Early Notables of the Oughton family (pre 1700)
Another 33 words (2 lines of text) are included under the topic Early Oughton Notables in all our PDF Extended History products and printed products wherever possible.
Migration of the Oughton family to Ireland
Some of the Oughton family moved to Ireland
, but this topic is not covered in this excerpt.Another 199 words (14 lines of text) about their life in Ireland is included in all our PDF Extended History products and printed products wherever possible.
Migration of the Oughton family to the New World and Oceana
Many English families emigrated to North American colonies in order to escape the political chaos in Britain at this time. Unfortunately, many English families made the trip to the New World under extremely harsh conditions. Overcrowding on the ships caused the majority of the immigrants to arrive diseased, famished, and destitute from the long journey across the stormy Atlantic. Despite these hardships, many of the families prospered and went on to make invaluable contributions to the development of the cultures of the United States and Canada. Early North American immigration records have revealed a number of people bearing the name Oughton or a variant listed above:
Oughton Settlers in United States in the 19th Century
- Robert Oughton, who arrived in New York, NY in 1826 CITATION[CLOSE]
Filby, P. William, Meyer, Mary K., Passenger and immigration lists index : a guide to published arrival records of about 500,000 passengers who came to the United States and Canada in the seventeenth, eighteenth, and nineteenth centuries. 1982-1985 Cumulated Supplements in Four Volumes Detroit, Mich. : Gale Research Co., 1985, Print (ISBN 0-8103-1795-8)
Oughton Settlers in Canada in the 19th Century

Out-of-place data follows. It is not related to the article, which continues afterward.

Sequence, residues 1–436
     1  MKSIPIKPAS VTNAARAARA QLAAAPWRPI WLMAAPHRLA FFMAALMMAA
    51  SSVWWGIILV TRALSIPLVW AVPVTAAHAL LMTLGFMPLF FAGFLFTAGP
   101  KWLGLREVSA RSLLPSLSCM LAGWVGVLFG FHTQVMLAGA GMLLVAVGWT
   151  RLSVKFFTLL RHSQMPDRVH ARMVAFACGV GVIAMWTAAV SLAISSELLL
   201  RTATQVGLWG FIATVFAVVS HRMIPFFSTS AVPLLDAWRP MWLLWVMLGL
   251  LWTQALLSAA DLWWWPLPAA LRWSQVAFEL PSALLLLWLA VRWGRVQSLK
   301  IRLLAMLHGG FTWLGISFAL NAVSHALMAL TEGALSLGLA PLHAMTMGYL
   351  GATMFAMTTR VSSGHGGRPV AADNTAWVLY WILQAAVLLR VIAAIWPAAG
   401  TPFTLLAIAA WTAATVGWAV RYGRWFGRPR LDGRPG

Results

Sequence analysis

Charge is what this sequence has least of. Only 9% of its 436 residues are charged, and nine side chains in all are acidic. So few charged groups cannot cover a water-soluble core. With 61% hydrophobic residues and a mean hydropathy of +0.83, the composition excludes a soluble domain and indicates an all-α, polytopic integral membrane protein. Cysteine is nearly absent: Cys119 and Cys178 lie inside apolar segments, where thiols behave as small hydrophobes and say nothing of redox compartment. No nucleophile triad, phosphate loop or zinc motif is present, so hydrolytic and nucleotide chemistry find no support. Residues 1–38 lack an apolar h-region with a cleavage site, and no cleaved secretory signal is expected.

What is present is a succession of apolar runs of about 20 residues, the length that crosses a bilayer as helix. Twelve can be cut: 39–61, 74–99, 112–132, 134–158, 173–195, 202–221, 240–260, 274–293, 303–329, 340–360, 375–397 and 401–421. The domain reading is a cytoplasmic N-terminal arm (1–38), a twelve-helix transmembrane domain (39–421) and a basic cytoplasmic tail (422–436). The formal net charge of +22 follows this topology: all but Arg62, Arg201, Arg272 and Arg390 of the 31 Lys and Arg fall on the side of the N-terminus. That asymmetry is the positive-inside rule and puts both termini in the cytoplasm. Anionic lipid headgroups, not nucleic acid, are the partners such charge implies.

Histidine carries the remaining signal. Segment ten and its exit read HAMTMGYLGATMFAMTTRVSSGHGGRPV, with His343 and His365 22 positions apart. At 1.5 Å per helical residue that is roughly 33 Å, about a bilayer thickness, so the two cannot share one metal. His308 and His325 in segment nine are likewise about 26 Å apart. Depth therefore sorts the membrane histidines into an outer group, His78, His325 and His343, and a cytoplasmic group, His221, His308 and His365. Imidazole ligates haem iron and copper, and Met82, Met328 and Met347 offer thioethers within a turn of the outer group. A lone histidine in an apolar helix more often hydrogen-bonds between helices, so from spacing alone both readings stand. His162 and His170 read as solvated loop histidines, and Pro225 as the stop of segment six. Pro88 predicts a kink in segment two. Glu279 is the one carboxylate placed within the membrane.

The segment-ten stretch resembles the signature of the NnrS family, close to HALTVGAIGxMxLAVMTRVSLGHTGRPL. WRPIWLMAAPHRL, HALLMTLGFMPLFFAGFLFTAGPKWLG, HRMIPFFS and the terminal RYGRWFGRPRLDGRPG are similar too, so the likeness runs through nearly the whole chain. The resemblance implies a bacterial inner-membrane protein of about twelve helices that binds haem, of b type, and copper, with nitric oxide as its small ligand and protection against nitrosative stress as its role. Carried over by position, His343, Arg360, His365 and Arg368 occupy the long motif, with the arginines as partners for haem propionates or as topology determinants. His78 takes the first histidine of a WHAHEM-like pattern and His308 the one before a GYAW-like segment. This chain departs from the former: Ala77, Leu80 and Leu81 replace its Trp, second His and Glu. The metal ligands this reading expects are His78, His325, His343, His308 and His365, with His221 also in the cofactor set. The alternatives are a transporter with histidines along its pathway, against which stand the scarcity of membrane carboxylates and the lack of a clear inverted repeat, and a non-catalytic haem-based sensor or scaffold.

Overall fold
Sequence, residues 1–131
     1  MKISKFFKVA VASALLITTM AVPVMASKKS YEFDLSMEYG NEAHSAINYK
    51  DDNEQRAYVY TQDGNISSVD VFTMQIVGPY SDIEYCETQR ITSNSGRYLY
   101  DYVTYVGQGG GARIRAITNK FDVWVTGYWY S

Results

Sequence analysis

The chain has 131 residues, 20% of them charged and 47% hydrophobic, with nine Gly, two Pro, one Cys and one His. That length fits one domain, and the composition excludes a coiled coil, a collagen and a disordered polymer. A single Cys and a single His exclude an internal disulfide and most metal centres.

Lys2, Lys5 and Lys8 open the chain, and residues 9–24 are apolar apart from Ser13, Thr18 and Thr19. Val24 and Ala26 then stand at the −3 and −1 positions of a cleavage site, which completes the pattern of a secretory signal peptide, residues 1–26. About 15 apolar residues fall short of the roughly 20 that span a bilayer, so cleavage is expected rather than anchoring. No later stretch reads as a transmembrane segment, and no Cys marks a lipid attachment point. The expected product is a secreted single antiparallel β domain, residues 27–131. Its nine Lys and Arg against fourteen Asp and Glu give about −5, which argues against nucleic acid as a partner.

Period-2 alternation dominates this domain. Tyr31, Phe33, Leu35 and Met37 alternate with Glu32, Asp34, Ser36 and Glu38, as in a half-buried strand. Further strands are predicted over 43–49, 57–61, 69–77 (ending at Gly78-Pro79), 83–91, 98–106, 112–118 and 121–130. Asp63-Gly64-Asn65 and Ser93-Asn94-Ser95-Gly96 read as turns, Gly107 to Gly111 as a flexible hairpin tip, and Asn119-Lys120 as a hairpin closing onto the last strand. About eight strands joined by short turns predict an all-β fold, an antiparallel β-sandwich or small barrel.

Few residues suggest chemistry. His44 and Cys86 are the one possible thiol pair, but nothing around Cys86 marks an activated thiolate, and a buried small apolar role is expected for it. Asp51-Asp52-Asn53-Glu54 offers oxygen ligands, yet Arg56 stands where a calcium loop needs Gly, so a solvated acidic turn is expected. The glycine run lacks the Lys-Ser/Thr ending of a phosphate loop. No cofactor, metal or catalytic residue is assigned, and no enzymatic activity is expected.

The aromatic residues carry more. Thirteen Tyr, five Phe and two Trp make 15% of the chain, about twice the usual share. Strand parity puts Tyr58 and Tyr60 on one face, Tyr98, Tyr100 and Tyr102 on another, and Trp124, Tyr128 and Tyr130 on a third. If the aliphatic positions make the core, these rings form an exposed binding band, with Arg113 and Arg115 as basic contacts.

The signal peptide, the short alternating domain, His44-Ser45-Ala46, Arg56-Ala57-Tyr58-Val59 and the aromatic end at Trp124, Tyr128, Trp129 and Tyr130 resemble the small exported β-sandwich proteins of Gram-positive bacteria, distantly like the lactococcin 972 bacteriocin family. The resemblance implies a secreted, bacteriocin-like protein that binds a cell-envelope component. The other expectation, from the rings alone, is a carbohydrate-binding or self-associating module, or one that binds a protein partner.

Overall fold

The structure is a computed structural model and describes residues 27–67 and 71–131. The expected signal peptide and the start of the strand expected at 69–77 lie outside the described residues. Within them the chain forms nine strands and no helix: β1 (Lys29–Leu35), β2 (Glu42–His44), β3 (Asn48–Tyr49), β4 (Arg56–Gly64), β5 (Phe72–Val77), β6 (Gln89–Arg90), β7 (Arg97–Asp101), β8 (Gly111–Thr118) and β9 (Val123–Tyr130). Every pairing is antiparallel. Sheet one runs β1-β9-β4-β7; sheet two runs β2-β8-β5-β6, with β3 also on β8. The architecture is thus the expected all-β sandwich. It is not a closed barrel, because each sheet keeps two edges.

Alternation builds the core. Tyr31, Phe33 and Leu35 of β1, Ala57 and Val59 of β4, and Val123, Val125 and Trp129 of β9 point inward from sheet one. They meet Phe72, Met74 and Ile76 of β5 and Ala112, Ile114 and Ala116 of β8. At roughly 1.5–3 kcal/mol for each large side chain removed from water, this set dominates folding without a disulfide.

- William Oughton, who landed in Esquimalt, British Columbia in 1862
Oughton Settlers in Australia in the 19th Century
- Charles Oughton, aged 29, who arrived in South Australia in 1853 aboard the ship "Olivia" CITATION[CLOSE]
South Australian Register Tuesday 15 November 1853. (Retrieved 2010, November 5) Olivia 1857. Retrieved http://www.theshipslist.com/ships/australia/olivia1853.shtml.
Oughton Settlers in New Zealand in the 19th Century
- Louis Oughton, aged 23, a bricklayer, who arrived in Wellington, New Zealand aboard the ship "Conflict" in 1874
- Edward Oughton, aged 25, a gas fitter, who arrived in Wellington, New Zealand aboard the ship "Conflict" in 1874
The Oughton Motto
The motto was originally a war cry or slogan. Mottoes first began to be shown with arms in the 14th and 15th centuries, but were not in general use until the 17th century. Thus the oldest coats of arms generally do not include a motto. Mottoes seldom form part of the grant of arms: Under most heraldic authorities, a motto is an optional component of the coat of arms, and can be added to or changed at will; many families have chosen not to display a motto.
Motto: Malgre le tort
Motto Translation: Despite the wrong.